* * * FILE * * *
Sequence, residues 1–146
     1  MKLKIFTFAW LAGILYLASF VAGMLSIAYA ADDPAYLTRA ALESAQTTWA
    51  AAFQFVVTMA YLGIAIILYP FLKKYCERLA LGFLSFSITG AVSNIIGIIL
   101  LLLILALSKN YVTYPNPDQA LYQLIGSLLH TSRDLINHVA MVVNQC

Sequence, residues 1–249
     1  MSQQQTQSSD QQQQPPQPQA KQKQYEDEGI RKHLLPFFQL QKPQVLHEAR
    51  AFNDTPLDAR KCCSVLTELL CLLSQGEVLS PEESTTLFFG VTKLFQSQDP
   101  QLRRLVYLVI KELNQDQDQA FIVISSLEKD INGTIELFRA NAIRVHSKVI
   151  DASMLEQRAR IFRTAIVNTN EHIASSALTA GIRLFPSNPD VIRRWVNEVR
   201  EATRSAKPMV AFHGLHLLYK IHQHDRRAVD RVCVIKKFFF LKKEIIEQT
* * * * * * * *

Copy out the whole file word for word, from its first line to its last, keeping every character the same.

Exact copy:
Sequence, residues 1–146
     1  MKLKIFTFAW LAGILYLASF VAGMLSIAYA ADDPAYLTRA ALESAQTTWA
    51  AAFQFVVTMA YLGIAIILYP FLKKYCERLA LGFLSFSITG AVSNIIGIIL
   101  LLLILALSKN YVTYPNPDQA LYQLIGSLLH TSRDLINHVA MVVNQC

Sequence, residues 1–249
     1  MSQQQTQSSD QQQQPPQPQA KQKQYEDEGI RKHLLPFFQL QKPQVLHEAR
    51  AFNDTPLDAR KCCSVLTELL CLLSQGEVLS PEESTTLFFG VTKLFQSQDP
   101  QLRRLVYLVI KELNQDQDQA FIVISSLEKD INGTIELFRA NAIRVHSKVI
   151  DASMLEQRAR IFRTAIVNTN EHIASSALTA GIRLFPSNPD VIRRWVNEVR
   201  EATRSAKPMV AFHGLHLLYK IHQHDRRAVD RVCVIKKFFF LKKEIIEQT